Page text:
:: Background and recent developments
The debate on abortion reform in Uruguay has accompanied the country’s re-democratization. Since 1985, proposals to decriminalize or legalize abortion were presented in each new legislature, seeking to modify the 1938 law, which defined abortion as a crime and only allowed exceptional or attenuating circumstances in the cases of family honor, risk for the woman’s life, pregnancy resulting from rape or economic distress. The law had proved to be ineffective, as services to provide abortion in the non-punishable cases have never been regulated. Some lawyers consider, in fact, that it is not implementable, since it is just after the abortion is performed and the crime reported that a judge can intervene to decide if the exceptions can or cannot be applied.
The reality is that neither women nor professionals who perform abortions count on a clear framework to define the legal or illegal parameters around the practice. The law has not been effective either to discourage or eradicate abortions. There are very few prosecutions, even when available data estimates that 30,000 abortions are performed each year in a country where 47,000 births occur annually. The existing punitive legal frame only confines abortion to clandestine and unsafe practices.
At the legislative level — except for a proposal for decriminalization defended by the Colorado Party in the first post-dictatorship legislature – law reform provisions presented over the years were always driven by a coalition of left parties, known as “Frente Amplio”, which has governed the country since 2004. In 2008, a law provision on sexual and reproductive health and rights, authorizing abortion up to twelve weeks of pregnancy was approved by the Parliament, but had all articles regulating the procedure vetoed by the first socialist President Tabaré Vázquez. The law then enacted (No. 18426) recognizes sexual and reproductive rights as human rights and requires the State to respect and guarantee conditions for their exercise. But it has not altered the legal conditions to allow the practice of voluntary abortion.
Law No. 18426 is already regulated by the Ministry of Public Health and since January 2011 sexual and reproductive services have been integrated in the National Comprehensive Health System. All public and private institutions affiliated with this System must provide contraceptive counseling, as well as pre-and post-abortion care within a harm reduction frame. But abortion practice remains criminalized and its practice is confined to underground circuits. Since Misoprostol is the most used aborfacient the number of abortion related maternal deaths has decreased. No cases had been registered until early March, 2012, when a woman died in the Hospital de Clínicas de Montevideo, indicating that although the drug reduces risks, it does not ensure total safety when used clandestinely.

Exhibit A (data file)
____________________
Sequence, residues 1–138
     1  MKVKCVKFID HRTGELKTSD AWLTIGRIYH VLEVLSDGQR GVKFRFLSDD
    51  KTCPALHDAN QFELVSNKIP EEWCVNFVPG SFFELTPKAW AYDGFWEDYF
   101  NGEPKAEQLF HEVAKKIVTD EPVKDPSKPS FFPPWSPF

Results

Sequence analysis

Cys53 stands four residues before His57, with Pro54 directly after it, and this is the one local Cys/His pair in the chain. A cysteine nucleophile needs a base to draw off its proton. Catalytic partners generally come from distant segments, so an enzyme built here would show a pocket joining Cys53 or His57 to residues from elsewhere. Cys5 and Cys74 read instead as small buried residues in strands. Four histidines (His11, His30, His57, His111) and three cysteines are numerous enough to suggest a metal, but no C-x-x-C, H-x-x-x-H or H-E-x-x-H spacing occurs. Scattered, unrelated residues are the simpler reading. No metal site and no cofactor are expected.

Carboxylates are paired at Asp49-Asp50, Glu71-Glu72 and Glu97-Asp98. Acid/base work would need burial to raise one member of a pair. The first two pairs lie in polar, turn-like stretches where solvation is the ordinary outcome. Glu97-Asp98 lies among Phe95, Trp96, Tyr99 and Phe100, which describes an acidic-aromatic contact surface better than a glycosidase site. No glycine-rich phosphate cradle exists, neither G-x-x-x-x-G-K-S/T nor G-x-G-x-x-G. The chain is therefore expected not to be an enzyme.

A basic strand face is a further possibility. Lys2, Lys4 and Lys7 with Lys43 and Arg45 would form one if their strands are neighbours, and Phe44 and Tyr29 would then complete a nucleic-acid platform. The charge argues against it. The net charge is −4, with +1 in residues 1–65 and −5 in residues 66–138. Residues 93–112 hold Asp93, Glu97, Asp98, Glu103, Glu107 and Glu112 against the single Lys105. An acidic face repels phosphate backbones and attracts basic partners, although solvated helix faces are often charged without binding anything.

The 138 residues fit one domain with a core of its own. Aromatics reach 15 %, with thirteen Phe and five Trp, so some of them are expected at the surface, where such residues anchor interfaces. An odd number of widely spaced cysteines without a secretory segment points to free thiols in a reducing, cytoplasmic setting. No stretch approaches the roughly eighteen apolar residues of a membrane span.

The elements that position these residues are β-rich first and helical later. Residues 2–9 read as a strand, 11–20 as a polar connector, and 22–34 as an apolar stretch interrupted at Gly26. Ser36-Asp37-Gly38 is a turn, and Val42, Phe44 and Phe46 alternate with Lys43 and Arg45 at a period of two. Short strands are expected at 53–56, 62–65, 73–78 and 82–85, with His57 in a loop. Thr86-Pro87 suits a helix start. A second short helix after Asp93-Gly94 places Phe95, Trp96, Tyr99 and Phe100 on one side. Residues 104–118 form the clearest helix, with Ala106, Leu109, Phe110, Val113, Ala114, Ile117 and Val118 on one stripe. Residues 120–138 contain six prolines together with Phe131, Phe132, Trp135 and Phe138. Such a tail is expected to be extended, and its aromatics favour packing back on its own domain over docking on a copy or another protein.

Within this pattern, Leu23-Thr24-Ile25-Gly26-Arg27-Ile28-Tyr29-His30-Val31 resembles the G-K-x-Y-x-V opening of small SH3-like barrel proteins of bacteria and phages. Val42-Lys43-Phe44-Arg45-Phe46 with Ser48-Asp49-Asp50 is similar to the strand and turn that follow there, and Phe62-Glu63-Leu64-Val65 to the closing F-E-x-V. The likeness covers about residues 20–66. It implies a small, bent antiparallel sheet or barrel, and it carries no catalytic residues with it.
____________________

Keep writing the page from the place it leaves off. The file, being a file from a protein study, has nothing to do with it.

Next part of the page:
Furthermore, the Ministry of Health has no official data on maternal morbidity, but the press has reported cases of young women who became infertile after undergoing unsafe abortions. Access to Misoprostol is obtained through the illegal circuits; the product is sold in the proximities of public hospitals or in places that sell other illegal drugs. Inevitably its price has risen, reaching amounts between US$ 300 and US$ 500 for the correct dose required for the interruption of pregnancy. Moreover the quality and efficacy of the product is not guaranteed.
“Frente Amplio” was reelected, at the national level in the 2009 elections and once again ensured parliamentarian. However, two years elapsed before a new law provision, aimed at restoring the articles vetoed by Vasquez, was re-tabled. Finally on December 27th, 2011, the Uruguayan Senate has preliminarily approved, by 17 to 14 votes, a new text on the voluntary termination of pregnancy, which decriminalizes the practice up to 12 weeks, whenever the woman expresses her will to terminate the pregnancy. The number of weeks is extended in cases of rape, grave fetal malformation (incompatible with life) and when the pregnancy represents a health risk for the woman. The law includes a provision allowing practitioners to raise conscience objection and refuse to perform the abortion, but all institutions affiliated with the Health System are required to ensure that the service is provided. Abortion procedures neither can be a profitable practice, nor can they be done against the will of women.
The partially approved provision must still go through the parliamentary process. It will be discussed by the Health Commission of the House that must approve it and make a final vote. If no amendments are made the approval by the House will lead to the automatic enactment of the law. Once again the law reform was presented by the left wing coalition and President Mujica has publicly declared that, if approved, he will not veto it. However, not all the required votes within “Frente Amplio” itself are fully secured. Some Parliamentarians have expressed doubts and reservations, even though the coalition has received a mandate from the Congress leader to reform the law.